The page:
July is still winter here in Botswana, but it’s a winter unlike any you may have experienced elsewhere. Mornings are deliciously crisp and fresh – the sensory equivalent of biting into a green apple. Cloudless, almost infinite blue skies reign. Speaking of which, you’re unlikely to feel a drop for weeks on end.
The combination of the incoming Okavango inundation reducing the area of land available, and rain-fed pans elsewhere drying up, means that the Delta wildlife is noticeably condensed during the southern African winter. In other words, the game-viewing can be spectacular, and, as long as you don’t mind a slightly chilly start to the day and cooler evenings (which are almost entirely insect-free), July is one of the very best months to visit Botswana on safari.
This July has been no exception: as is the norm, temperatures began to rise as the month progressed (and at the same time, the water began to noticeably recede). Of course, people living in Maun are only now starting to see the inundation arrive, as the water moves slowly along the channels and rivers and eventually heads into the Kalahari.
A key event in the life of Abu Camp each year is the official declaration that winter is over. We’re a few weeks away from that yet, and of course it’s not a fixed date each year, but when the day comes, we’ll be removing the hot-water bottles from the gameviewers and replacing the roofs. Cue a mad scramble to locate the special retaining pins which secure the metal frames and canvas canopies, which are traditionally kept “in a safe place” throughout the cooler weather when the sun is less intense.
The seventh month of 2018 did not disappoint and our guests enjoyed an incredible few weeks of game-viewing. This included sightings of a lion pride of ten tracking the movements of a large herd of buffalo (which represented both a meal ticket and a risky venture, all in one), as well as two lionesses taking down an adult zebra. They were watched not only by the zebra’s distraught herd members, but also by three sub-adult lion who were – if not actually taking notes – certainly learning the finer points of taming a “tiger horse”.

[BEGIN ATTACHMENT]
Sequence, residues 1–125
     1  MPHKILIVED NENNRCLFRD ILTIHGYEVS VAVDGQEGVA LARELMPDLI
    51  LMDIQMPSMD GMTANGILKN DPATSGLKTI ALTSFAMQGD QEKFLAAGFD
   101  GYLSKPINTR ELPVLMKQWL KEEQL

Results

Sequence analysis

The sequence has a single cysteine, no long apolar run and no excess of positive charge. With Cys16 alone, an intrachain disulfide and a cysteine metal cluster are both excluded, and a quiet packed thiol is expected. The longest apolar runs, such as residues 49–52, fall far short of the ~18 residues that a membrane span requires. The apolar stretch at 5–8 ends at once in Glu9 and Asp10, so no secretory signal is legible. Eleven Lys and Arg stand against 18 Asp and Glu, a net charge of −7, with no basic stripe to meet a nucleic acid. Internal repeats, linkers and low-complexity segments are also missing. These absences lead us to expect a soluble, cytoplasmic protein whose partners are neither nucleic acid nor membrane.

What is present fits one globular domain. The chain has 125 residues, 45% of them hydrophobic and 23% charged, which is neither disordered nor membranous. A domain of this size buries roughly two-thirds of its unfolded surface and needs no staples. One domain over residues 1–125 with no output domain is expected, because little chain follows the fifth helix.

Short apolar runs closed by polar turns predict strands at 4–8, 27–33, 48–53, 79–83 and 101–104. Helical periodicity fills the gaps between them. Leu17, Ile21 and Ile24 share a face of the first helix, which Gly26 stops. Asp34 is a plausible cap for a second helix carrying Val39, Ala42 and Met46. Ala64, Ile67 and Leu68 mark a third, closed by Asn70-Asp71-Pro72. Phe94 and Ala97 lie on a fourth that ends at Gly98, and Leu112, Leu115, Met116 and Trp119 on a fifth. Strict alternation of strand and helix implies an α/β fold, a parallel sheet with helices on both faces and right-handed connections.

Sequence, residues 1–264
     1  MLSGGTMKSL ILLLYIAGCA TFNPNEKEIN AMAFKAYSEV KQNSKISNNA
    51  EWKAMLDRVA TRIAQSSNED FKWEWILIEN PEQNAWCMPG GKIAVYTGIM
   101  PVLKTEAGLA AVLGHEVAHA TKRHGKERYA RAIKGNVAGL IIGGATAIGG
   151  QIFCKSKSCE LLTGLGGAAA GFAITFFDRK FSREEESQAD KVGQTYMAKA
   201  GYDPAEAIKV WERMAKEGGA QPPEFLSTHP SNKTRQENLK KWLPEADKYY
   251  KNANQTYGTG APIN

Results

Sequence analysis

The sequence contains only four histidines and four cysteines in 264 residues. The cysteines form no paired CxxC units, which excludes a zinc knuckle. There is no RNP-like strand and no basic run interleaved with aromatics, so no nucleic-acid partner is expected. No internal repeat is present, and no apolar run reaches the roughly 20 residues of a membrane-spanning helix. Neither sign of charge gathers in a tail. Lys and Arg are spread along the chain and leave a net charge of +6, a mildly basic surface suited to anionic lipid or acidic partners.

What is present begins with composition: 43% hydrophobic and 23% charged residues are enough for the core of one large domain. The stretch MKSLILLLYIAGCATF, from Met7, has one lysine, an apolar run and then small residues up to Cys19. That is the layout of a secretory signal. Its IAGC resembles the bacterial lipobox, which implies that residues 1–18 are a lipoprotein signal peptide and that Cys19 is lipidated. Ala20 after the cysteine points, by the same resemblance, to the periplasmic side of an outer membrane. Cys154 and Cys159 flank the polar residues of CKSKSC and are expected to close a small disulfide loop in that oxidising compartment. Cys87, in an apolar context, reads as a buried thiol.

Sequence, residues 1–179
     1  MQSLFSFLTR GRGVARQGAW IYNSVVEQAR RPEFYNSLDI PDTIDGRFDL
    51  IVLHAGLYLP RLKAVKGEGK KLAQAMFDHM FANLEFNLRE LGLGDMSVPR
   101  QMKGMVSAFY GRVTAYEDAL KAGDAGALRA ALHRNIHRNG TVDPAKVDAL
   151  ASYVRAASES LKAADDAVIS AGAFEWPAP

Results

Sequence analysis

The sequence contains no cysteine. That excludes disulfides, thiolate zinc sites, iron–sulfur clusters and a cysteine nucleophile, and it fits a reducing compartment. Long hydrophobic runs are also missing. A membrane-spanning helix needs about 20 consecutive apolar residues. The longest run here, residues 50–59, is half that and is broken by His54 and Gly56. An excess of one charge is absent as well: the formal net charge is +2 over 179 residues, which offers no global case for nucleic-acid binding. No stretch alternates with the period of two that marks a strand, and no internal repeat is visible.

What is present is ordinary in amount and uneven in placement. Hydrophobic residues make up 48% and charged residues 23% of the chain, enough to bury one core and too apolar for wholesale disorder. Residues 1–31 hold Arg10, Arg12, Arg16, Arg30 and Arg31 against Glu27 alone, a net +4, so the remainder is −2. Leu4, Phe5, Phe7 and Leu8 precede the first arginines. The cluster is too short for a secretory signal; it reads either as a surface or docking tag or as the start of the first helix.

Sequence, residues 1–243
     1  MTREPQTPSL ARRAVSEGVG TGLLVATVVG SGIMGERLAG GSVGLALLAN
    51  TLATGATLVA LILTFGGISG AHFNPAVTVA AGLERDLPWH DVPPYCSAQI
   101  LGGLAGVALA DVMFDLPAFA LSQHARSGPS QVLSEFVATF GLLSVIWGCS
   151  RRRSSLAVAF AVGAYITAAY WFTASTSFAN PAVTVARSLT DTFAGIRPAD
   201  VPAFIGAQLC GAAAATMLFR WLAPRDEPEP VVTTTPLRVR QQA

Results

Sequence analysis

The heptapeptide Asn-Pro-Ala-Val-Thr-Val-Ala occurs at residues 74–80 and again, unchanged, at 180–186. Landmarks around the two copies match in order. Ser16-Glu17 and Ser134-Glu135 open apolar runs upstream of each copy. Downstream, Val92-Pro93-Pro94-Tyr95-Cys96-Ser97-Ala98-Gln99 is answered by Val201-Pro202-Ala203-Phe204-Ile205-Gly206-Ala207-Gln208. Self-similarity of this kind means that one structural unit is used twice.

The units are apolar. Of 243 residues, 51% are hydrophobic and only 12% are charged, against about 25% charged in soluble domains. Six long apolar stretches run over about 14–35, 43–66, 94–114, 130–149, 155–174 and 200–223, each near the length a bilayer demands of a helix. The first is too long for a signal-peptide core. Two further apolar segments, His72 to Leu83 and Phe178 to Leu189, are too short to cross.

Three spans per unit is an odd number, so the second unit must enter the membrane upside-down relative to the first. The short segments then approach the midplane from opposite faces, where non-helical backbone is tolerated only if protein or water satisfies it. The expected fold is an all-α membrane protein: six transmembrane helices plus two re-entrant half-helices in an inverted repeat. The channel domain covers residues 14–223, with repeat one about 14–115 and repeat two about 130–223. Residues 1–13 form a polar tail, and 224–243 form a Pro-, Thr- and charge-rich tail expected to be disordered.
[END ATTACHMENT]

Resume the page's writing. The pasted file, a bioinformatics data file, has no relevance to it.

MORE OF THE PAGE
Continuing the big cat theme, July was also a great month for leopard sightings. Our guides proudly noted that not one Abu guest departed without at least one sighting of these famously cagey spotted cats.
Meanwhile, the hyaena den by the helicopter pad continued to be a rewarding place in which to hover for a few moments, with the pups growing not only in stature, but in confidence and guile, too.
July was also an absorbing month for the elephant members of the Abu Herd. The two youngsters, Motlotlo and Shamiso, continued to effortlessly steal the show and have become inseparable. With Motlotlo being a couple of months older, he is noticeably the larger of the two, and tends to take the lead in all their (mis)adventures.
Shamiso, however, has definitely come out of his shell, and this young elephant – whose arrival was somewhat unexpected – continues to surprise and delight the elephant management team (and indeed everyone who is lucky enough to spend time with him and his playmate) on an almost daily basis.
The annual inundation may be receding, but in every other way, life at Abu Camp is on the up and up. Having two new members of the Abu Herd arrive simultaneously has provided a wonderful opportunity to study the development of elephant calf social behaviour and intelligence.
As well as lowering the average age of the Abu Herd, they seem to have brought out the calf (or child) in everyone, and we’re all enjoying the playful spirit that currently pervades the camp.
Until next time, with best wishes from your Abu team for July:
Todd, Tshidi, Kele and Kabo (managers) and BT, Taps and Joe (guides).